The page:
If I succeed in winning the election, we will proceed with solving the problems of which we have already notified the authorities. For example, there are two houses on 2nd Baumanskaya Street that are in an emergency condition. In theory, they should be condemned, and the tenants should be relocated. The second “case” is the restoration of the Burdenko hospital, in which a column head collapsed. Then we will be able to proceed with protecting historical monuments. For the Basmanny district the question of their demolition is very pressing. In addition, during a door-to-door canvassing it became clear that major building repairs have been going on endlessly, and we will try to make things right. In the previous convocation, Yevgeniya Remizova from the Yabloko party was elected in our second precinct. She was very effective in solving the problems associated with the repairs.

We are now also working on providing polling stations with our observers. This can at least somehow restrain the falsifiers. We need to encourage people to come to the polling stations in person and cast their vote. Ilya Yashin and his supporters won seven seats in the 2017 elections in Krasnoselsky district.

We need to encourage people to come to the polling stations in person and cast their vote

I discuss politics with voters. People have a need for such discussions, and they ask us what we think about it. I honestly answer that we are against what is happening in our country and in Ukraine.

Our team has already faced pressure in these elections. Nikita Arkin, Daniil Nesmelov and I were summoned to the TEC and asked for an explanation about illegal campaigning: allegedly we had been putting up posters at times not prescribed by the law. Although I know very well that exactly such things have been done by My Neighborhood and United Russia. Nikita Arkin has been jailed for 5 days for a leaflet with the recognized extremist Smart Voting symbols, which he did not even put up. Similar pressure has been put on Savva Karpov, and Daniil Nesmelov was fired from the school where he worked as organizing teacher.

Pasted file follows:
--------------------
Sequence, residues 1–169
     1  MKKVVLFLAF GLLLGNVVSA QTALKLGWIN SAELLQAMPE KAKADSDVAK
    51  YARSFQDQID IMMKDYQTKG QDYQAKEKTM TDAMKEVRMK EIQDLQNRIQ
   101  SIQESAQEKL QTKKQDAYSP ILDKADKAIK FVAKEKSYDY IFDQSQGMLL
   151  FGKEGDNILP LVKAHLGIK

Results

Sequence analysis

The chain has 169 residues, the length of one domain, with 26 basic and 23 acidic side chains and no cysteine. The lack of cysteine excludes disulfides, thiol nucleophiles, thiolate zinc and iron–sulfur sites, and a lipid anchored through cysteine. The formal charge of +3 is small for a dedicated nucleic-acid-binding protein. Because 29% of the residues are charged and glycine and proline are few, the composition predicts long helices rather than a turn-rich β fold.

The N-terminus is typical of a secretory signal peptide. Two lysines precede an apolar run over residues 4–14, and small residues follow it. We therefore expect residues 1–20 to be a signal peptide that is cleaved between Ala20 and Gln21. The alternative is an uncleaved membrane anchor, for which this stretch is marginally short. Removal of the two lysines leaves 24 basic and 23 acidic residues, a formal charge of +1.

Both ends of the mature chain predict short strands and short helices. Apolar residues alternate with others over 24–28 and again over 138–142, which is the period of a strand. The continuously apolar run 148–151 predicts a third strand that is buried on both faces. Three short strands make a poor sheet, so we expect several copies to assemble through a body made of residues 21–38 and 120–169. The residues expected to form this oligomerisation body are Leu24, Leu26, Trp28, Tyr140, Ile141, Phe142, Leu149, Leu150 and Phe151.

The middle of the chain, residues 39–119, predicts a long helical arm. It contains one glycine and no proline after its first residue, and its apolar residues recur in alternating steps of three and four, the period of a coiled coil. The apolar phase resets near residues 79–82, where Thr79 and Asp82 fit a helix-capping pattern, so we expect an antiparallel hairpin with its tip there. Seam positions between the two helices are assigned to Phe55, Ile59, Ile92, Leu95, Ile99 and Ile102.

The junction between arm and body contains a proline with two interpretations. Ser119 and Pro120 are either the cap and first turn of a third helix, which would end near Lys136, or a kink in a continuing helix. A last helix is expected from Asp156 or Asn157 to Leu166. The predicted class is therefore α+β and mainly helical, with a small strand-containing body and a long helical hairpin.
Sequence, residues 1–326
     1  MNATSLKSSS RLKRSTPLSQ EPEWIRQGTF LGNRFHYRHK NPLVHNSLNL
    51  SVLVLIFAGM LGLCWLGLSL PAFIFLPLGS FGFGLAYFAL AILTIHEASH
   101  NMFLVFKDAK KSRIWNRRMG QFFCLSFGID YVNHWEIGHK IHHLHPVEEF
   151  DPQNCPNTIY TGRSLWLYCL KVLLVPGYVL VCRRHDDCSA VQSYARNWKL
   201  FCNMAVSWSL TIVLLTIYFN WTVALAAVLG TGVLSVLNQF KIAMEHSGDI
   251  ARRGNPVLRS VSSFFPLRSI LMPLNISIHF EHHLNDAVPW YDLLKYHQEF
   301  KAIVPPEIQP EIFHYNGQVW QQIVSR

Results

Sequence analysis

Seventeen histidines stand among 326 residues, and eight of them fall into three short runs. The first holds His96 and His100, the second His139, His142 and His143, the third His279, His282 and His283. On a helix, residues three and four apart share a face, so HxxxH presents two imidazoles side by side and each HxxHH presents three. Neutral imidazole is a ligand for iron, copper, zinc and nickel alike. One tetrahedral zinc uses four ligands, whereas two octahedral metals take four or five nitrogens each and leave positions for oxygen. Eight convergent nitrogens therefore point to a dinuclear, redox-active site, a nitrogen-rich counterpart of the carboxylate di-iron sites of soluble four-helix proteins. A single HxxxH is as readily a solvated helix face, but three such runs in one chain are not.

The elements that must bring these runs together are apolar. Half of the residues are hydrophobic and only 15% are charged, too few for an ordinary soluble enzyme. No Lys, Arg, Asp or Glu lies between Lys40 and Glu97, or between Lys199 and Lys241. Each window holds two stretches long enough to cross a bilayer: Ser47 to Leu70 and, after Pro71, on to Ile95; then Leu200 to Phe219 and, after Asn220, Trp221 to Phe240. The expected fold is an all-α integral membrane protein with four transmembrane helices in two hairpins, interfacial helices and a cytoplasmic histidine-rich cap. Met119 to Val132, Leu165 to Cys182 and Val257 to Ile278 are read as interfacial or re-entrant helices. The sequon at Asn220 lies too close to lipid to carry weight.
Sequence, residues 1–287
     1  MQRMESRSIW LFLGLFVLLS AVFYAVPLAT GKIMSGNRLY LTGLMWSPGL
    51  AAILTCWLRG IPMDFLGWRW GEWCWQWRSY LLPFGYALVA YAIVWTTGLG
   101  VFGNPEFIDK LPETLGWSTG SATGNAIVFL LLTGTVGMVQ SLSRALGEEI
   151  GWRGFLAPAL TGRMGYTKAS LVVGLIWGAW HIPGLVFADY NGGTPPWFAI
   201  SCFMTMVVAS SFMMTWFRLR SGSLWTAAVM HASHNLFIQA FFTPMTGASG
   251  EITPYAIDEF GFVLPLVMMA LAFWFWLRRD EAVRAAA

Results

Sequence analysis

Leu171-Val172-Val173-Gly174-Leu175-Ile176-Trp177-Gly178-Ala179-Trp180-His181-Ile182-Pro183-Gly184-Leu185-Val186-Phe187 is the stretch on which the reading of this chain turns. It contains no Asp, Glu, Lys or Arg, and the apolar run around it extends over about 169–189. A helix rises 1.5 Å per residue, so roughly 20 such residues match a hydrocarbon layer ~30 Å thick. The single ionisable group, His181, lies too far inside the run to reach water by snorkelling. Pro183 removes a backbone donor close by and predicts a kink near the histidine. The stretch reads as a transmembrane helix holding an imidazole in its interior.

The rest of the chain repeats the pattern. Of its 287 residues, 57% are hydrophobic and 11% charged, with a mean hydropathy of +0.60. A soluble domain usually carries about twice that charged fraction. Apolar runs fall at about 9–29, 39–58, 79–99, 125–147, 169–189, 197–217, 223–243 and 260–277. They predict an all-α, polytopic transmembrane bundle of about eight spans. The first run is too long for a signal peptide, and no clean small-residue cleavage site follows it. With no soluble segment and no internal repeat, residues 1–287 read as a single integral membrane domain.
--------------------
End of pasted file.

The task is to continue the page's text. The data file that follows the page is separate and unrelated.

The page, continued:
We are given the right to participate in elections once every 5 years, so why would we refrain from using it? The position of a municipal deputy is an additional platform which you can use to express your views and the opinions of the district residents who voted for you. From this point of view, participation in municipal elections is quite in keeping with the times.

“I decided to run after I was fired for an anti-war picket” - Sergey Melnikov

53, Yabloko party, Mitino District, electoral precinct No. 2

 Sergey Melnikov
Sergey Melnikov

The idea to run as a municipal deputy came to me after I had been fired from my job as head of the legal division at the Housing Management Department of the Presidential Property Management Directorate for an anti-war picket. I met activists from the Mitino district who shared my opposition views, and they suggested I run for office.

In Mitino, most of those who run in the elections are candidates from United Russia and the parliamentary parties, CPRF and Just Russia. There are a lot of New People, but we are well aware that this is just a United Russia project. I was not planning to run as a Yabloko party candidate, but I understood I might be disqualified from the election because of incorrectly submitted signatures. Indeed, five or six self-nominated candidates were disqualified in our district, including incumbent municipal deputy Nikolai Baladnin. He was the only opposition municipal deputy in our district, and as he has been barred from running, I see our task in picking up the banner.